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50-year trends in the incidence of anorexia nervosa in Rochester, Minn.: a population-based study
Am J Psychiatry 1991;148:917-922.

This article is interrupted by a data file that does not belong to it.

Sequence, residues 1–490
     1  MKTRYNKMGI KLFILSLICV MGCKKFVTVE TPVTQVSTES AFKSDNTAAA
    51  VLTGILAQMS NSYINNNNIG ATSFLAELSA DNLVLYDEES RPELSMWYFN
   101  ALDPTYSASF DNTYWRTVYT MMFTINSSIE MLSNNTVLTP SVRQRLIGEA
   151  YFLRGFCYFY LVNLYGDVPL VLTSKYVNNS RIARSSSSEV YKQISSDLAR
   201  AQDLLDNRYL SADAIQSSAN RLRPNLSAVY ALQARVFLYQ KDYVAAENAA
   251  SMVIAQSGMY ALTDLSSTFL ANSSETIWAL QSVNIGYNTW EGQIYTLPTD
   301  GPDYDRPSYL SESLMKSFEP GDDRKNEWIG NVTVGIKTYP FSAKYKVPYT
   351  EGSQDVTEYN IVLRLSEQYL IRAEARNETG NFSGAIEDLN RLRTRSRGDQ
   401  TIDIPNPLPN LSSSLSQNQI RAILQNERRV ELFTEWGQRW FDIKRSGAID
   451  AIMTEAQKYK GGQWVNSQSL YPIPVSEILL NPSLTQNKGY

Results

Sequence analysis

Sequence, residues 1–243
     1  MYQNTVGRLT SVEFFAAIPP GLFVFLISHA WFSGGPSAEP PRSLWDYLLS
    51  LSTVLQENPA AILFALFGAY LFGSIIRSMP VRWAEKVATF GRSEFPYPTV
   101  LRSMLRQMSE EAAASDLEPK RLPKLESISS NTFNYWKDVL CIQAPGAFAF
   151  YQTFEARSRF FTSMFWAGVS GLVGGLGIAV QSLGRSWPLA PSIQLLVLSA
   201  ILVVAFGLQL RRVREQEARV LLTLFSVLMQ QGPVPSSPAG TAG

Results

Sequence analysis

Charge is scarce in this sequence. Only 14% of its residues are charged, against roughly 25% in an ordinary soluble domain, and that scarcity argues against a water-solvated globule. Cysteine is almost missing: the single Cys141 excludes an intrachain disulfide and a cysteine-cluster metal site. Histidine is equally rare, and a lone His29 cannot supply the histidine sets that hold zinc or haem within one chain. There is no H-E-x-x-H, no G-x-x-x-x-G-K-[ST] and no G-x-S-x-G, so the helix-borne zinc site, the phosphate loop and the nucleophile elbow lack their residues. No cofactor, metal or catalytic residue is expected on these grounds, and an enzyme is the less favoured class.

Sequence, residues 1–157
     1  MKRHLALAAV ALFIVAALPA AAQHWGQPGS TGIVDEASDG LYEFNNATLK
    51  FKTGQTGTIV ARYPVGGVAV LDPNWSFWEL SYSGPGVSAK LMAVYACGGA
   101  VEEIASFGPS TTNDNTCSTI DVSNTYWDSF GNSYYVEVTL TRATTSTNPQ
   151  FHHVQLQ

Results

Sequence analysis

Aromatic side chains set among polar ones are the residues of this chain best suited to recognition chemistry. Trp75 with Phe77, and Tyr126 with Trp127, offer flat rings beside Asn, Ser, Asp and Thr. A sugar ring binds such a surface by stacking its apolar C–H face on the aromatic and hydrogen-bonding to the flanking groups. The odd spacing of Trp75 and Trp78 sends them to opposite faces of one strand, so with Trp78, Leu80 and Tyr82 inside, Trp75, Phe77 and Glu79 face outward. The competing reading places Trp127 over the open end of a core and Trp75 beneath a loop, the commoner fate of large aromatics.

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OBJECTIVE: The aim of the study was to determine incidence and prevalence rates and long-term trends in incidence of anorexia nervosa by identifying all persons residing in the community of Rochester, Minn., during the 50-year period 1935 through 1984 who had the disorder. METHOD: From a community-based epidemiologic resource, 13,559 medical records with diagnoses of amenorrhea, starvation, weight loss, anorexia nervosa, or other conditions were screened to identify true cases of anorexia nervosa determined by using standard diagnostic criteria. RESULTS: One hundred eighty-one residents (166 female and 15 male) fulfilled the diagnostic criteria for anorexia nervosa; these were the incidence cases. Due to a quadratic trend in the rates for girls 10-19 years old, the incidence rate among female residents fell from 16.6 per 100,000 person-years in the 1935-1939 period to a low of 7.0 in 1950-1954 and increased to 26.3 in 1980-1984. The incidence rates for women 20 years old and older and for males remained constant. For females 15-24 years old, there was a linear increase. The overall age-adjusted incidence rate per 100,000 person-years was 14.6 for females and 1.8 for males. The prevalence rate per 100,000 population was 269.9 for females and 22.5 for males. CONCLUSIONS: Anorexia nervosa is more common than previously recognized. Among girls 15-19 years old it is a very common chronic illness. Its incidence has increased among females 15-24 years old but not among older women or among males.

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